Cusco,The Qorikancha

This is the entrance to the church that was built on the foundation of the Incan temple. It is now a museum.

Qorikancha (alternatively spelled Coricancha, Koricancha, Qoricancha from Quechua quri gold; kancha enclosure) is often called the House of the Sun. It was the most important temple in the Inca Empire. What remains of the original structure, probably built in the late 15th century, is now part of the Church of Santo Domingo. The Spanish colonists demolishing this important temple and used its foundations for the cathedral. Construction took most of a century. This is one of numerous sites where the Spanish incorporated Inca stonework into the structure of a colonial building, which saved part of the structure for posterity. Interestingly, major earthquakes severely damaged the church, but the Inca stone walls, built out of huge, tightly-interlocking blocks of stone, still stand due to their sophisticated stone masonry.

This was originally an inner temple, one of several, dedicated to one of the many gods of the Incan pantheon. Most were weather related–the sun (the head god), moon, stars, thunder, and rainbow. These structures were saved only because the Spanish incorporated them into a new structure.

The day I visited, I have to say that I wasn’t in a position to truly appreciate what remains of the Qorikancha. I saw the sight as part of the worst tour I’ve ever been on in my life. The tour guy seemed like a nice enough guy, but he had two failings: 1) He didn’t know much history and he knew even less English. It was a recipe for a bad afternoon.

This looked to be a very interesting site located near the church (you can see the bell town in the distance). My guide was unable to tell us what this was, if it was possible to visit, or if it was originally part of the Quoricancha.

Originally named Intikancha or Intiwasi, the Qorikancha was dedicated to Inti– the ancient Incan sun god and probably the most important god in the empire. The structure is located at the old Inca capital of Cusco, now located in the historic old section of the modern city. Mostly destroyed after the 16th century war with the Spanish conquistadors much of its stonework forms the foundation of the Santo Domingo church and convent.

Lousy photo of the church, but the sky was so beautiful. But only for about 30 more minutes. It began to pour rain. Higher in the mountain, there was hail, which we missed by only a few minutes.

Pachacuti Inca Yupanqui rebuilt Cusco and the House of the Sun, enriching it with more oracles and edifices, and adding plates of fine gold. He provided vases of gold and silver for the Mama-cunas, nuns, to use in the veneration services. Finally, he took the bodies of the seven deceased Incas, and enriched them with masks, head-dresses, medals, bracelets, scepters of gold, placing them on a golden bench.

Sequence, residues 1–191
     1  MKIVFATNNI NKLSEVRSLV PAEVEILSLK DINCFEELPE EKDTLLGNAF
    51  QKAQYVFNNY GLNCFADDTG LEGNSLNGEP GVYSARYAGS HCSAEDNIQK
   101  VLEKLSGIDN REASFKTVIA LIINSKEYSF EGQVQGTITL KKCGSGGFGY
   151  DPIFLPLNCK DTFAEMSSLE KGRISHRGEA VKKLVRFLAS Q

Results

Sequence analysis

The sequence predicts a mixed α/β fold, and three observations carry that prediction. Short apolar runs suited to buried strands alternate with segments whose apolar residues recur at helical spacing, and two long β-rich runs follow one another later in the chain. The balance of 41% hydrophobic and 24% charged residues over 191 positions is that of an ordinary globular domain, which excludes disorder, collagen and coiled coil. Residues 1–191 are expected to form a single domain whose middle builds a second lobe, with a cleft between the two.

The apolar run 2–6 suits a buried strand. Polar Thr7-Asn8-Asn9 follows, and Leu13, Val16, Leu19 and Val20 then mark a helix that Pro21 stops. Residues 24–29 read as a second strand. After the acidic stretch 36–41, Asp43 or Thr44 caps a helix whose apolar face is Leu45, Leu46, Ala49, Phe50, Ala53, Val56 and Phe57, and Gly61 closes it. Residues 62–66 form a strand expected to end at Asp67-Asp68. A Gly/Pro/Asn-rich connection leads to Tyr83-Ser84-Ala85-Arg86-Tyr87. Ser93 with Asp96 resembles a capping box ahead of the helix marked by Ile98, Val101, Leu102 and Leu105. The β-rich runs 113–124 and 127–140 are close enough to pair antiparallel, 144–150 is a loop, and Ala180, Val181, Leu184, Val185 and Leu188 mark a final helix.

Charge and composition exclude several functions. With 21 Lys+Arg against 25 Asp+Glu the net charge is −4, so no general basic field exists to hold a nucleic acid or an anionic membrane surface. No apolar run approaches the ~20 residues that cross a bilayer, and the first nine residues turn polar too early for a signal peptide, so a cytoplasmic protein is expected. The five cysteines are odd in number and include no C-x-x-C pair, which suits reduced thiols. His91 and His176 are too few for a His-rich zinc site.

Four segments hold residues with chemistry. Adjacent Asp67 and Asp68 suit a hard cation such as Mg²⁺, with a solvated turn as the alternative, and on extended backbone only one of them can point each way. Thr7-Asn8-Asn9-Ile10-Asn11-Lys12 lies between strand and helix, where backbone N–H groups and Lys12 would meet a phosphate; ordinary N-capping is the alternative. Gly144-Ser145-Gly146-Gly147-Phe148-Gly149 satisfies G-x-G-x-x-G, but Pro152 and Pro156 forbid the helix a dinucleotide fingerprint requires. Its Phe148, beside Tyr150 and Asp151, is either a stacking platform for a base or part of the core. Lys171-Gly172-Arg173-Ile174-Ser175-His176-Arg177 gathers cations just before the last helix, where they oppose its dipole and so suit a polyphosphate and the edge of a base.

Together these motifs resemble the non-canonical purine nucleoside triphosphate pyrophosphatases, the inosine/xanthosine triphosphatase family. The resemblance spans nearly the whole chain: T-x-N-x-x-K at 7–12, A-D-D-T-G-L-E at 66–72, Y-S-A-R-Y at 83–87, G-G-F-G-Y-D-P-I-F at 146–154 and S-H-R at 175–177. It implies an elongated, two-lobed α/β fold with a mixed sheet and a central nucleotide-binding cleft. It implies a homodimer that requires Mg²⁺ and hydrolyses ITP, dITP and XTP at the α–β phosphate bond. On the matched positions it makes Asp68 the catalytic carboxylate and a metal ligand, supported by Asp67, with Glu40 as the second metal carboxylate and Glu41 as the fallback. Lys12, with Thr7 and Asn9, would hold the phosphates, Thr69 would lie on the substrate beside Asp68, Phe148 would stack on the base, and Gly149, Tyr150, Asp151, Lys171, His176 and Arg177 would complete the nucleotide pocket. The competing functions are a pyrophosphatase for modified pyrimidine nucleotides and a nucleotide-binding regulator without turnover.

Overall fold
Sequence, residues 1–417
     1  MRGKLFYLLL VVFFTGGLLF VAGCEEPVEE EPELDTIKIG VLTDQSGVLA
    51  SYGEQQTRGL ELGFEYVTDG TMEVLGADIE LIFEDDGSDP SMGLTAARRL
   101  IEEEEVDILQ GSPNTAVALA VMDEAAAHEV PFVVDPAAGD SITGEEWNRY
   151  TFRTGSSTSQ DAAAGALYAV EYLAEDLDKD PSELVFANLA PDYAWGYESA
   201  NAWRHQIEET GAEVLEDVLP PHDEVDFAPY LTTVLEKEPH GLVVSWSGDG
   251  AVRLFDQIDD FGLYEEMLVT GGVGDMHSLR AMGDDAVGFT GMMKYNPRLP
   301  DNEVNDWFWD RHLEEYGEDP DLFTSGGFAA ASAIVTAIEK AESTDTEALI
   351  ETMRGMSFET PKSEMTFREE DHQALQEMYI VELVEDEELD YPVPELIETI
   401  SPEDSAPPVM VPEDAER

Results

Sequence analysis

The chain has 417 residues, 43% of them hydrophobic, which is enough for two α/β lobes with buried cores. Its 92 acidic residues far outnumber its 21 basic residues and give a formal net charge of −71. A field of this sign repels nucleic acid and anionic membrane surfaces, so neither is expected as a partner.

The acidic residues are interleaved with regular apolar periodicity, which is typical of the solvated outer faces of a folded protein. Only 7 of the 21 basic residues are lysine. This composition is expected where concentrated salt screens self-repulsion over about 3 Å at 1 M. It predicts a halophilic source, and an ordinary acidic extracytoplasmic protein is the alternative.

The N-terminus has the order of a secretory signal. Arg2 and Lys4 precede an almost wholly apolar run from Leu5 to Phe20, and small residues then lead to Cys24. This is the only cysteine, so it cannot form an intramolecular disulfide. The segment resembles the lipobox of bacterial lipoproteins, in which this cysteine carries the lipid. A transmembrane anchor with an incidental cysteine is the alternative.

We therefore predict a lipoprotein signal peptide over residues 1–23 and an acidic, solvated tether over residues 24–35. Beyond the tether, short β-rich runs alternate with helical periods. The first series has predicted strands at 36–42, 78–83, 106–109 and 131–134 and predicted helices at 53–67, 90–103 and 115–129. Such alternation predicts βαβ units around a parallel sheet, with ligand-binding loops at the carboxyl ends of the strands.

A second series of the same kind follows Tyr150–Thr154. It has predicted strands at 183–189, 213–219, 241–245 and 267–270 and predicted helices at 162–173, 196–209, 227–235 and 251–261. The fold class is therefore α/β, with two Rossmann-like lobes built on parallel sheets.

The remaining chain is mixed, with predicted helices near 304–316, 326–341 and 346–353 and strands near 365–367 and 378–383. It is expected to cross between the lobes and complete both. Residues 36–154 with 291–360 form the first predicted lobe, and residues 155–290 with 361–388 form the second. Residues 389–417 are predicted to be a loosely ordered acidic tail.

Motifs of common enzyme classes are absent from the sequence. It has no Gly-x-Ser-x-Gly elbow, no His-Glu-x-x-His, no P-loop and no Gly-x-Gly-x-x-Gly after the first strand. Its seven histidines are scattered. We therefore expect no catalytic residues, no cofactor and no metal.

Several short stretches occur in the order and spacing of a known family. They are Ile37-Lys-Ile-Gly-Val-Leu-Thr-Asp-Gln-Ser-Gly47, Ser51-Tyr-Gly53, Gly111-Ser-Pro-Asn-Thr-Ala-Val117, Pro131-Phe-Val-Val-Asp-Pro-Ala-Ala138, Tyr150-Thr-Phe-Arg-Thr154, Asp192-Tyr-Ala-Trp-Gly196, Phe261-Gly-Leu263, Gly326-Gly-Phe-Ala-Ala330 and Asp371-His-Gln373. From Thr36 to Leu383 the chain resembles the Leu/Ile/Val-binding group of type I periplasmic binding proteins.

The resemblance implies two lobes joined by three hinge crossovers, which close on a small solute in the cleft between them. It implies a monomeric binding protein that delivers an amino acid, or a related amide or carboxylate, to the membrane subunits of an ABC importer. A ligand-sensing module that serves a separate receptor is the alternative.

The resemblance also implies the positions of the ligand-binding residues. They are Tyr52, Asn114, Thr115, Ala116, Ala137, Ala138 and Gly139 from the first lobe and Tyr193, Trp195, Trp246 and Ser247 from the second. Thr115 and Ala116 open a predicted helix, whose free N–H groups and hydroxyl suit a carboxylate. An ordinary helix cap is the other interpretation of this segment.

The walls were once covered in sheets of gold, and its adjacent courtyard was filled with golden statues. Spanish reports tell of its opulence that was “fabulous beyond belief”. When the Spanish required the Inca to raise a ransom in gold for the life of the leader Atahualpa, most of the gold was collected from Coricancha.

The gold was long gone, but the Spanish painted the walls. Here you can see a small sample of how these structures were decorated by the Spanish conquerors.
Part of the grounds of the temple. Once it would have held priceless gold and silver objects, especially statues.
On this day, the grounds was mostly just wet.


Plaza de Armas, Cusco


After a quick breakfast at the hotel, I went for a walk to find the center of the city. My first morning in Cusco and the weather was great. I was staying in the historic district, and was only 3 blocks from the Plaza de Armas, where the majority of these photos are taken. It’s a busy, touristy place, but still a bit thrilling. If you can only visit one city in Peru, skip Lima and come here. It’s not as large as Arequipa, but felt more metropolitan. And with so many things to see and so much history, you could easily do day trips from here for a week.

My first view of the Plaza de Armas.

From The Only Peru Guide:

Cusco’s main square – Plaza de Armas – is a busy and vibrant space that marks the colonial center of the city. The plaza, which features wide stone pathways and well-kept colorful gardens, is home to two iconic buildings: the Cusco Cathedral and the Church La Compañía de Jesús.

Cusco’s Plaza de Armas covers part of the area that was once the Haukaypata – The Great Inca Square. Today however, Spanish colonial buildings and long stone arcades dominate the architecture of the plaza, but many of the precisely carved Inca walls remain as foundations.

The plaza is where many of the city’s most important gatherings, events and festivals take place, including Inti Raymi – the Inca Festival of the Sun and the religious festival of Corpus Christi.

The plaza is always bustling with activity whatever time of the day (or night), and is great place to soak up the laid back atmosphere of this Andean city.